This summary was featured in Documented’s Early Arrival newsletter. You can subscribe to receive it in your inbox three times per week here.
While the backlash was swift to President Trump’s executive order that suspended new visas for foreign workers, immigration experts said it would be a while before workers felt its impact. Consulates are currently not conducting interviews for green cards or temporary workers anyway because of the coronavirus pandemic, according to Julia Gelatt, a senior policy analyst at the Migration Policy Institute. “The immediate impact of the suspension is mostly symbolic until those consular officers reopen,” she said. “Then it will have a real impact on who is able to immigrate into the United States.” The New York Times
In other national immigration news…
Detained Children in COVID-19 Isolation are in Despair
At least three families at a U.S. Immigration and Customs Enforcement’s detention center in Dilley, Texas, are being isolated due to potential coronavirus exposure, and it’s particularly difficult for the children. With no toys in their room, and trapped inside except to use the bathroom, an 8-year-old boy from El Salvador recently asked his mother if they are going to die. “I tell him we’re not going to die,” said Maria, who spoke to The Associated Press. “We feel anguished. We can’t do anything for our own lives or the lives of our children.” The Associated Press
Lawsuit Challenging COVID Stimulus Check Withholding Can Continue
A lawsuit filed by U.S. citizen children whose undocumented parents were denied coronavirus stimulus checks can move forward after a judge rejected the Trump administration’s attempt to get the case thrown out. A federal judge in Maryland denied the government’s motion to dismiss the lawsuit, finding that the families could sue and reject arguments raised by the Justice Department claiming the administration was immune to these types of claims over how Congress and the Treasury Department chose to administer relief money. BuzzFeed News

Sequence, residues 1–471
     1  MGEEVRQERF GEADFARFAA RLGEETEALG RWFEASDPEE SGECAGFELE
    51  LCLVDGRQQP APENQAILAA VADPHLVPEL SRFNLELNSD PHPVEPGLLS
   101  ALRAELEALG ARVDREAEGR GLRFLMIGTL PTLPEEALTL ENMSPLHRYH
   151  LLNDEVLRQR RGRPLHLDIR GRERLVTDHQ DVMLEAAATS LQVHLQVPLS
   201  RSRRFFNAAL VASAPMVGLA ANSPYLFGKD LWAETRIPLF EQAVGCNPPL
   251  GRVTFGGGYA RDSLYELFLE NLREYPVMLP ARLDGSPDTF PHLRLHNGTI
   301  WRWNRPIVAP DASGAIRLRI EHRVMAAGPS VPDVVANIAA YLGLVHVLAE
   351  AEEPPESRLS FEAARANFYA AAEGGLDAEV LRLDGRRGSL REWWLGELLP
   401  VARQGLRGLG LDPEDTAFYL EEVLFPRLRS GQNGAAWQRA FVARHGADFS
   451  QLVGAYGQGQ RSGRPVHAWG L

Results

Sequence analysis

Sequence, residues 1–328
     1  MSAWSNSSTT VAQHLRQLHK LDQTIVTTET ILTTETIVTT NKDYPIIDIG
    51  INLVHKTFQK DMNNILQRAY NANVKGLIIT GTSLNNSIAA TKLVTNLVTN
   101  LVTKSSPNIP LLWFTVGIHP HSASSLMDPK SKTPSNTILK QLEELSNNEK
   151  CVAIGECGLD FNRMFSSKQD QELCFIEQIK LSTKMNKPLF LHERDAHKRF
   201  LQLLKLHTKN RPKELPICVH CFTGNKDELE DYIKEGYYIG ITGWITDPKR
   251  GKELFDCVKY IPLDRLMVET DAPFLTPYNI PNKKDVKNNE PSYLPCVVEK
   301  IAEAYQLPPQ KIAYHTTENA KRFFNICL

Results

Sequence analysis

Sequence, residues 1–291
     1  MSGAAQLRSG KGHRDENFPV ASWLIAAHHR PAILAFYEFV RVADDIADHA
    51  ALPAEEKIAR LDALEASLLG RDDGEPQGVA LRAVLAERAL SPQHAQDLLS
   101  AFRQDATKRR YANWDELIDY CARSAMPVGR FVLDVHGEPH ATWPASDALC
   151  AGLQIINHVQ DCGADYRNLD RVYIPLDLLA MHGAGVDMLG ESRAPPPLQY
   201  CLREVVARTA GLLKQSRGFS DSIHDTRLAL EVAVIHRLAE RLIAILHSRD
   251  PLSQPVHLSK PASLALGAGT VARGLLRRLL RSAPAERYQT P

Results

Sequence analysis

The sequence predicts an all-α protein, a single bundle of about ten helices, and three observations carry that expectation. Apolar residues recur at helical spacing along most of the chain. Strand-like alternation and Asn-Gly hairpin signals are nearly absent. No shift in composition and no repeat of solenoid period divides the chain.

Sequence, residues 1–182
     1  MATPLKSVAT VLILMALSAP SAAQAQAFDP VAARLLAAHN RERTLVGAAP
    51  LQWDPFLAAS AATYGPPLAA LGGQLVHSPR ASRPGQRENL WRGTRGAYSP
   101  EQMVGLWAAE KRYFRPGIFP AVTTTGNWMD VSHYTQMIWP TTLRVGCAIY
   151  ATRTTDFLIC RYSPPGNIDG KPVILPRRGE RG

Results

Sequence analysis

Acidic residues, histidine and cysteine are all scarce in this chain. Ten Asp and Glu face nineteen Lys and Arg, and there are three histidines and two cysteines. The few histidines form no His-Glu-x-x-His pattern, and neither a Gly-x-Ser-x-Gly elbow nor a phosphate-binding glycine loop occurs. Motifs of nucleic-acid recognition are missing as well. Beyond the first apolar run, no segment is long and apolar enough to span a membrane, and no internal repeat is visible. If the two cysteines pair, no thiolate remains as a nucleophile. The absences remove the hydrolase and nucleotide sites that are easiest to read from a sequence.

Democrats Confident Arizona Will Turn Blue
In early 2020, Democrats started to suspect this may be the year when Arizona turns blue. In 2018, they sent a Democrat to the Senate from their state for the first time in over 30 years, with young Latinos voting at record rates. Now, with four months to Election Day, the party is even more confident. Trump is beginning to campaign in the state and needs its 11 electoral votes, but Democratic officials believe statewide frustrations over his immigration policies and his handling of the pandemic show Joe Biden has the best shot of any Democratic presidential candidate to win the state since Bill Clinton did in 1996. The New York Times
Former Arizona Official Seeks Plea Change in Human Trafficking Case
A former Arizona county official is changing his plea in a human trafficking case, where he is accused of running an illegal adoption scheme in three states involving women from the Marshall Islands. Former Maricopa County assessor Paul Petersen pleaded guilty to human smuggling and fraud charges in Arizona and Utah last week. He is accused of illegally paying women from the Marshall Islands to come to the U.S. to give up their babies in 70 adoption cases in Arizona, Utah and Arkansas over three years. Citizens of that country have been prohibited from traveling to the U.S. for adoption purposes since 2003. The New York Times
Support the work of Documented
Documented was founded with the goal of making sure the people affected by our stories were also the people reading them. Immigration reporting is often extractive and isn’t produced or published with the main protagonists as the intended audience. Through our reporting and out outreach via WhatsApp, we’ve created award-winning journalism that is created with and for New York’s immigrant communities. This work is not easy and it is not cheap. Consider becoming a member today to help fuel this work. By joining the Documented Community, you can not help only provide us with the financial freedom needed to fulfill our mission but also meet others who are passionate about immigration in the New York area. Become a member today.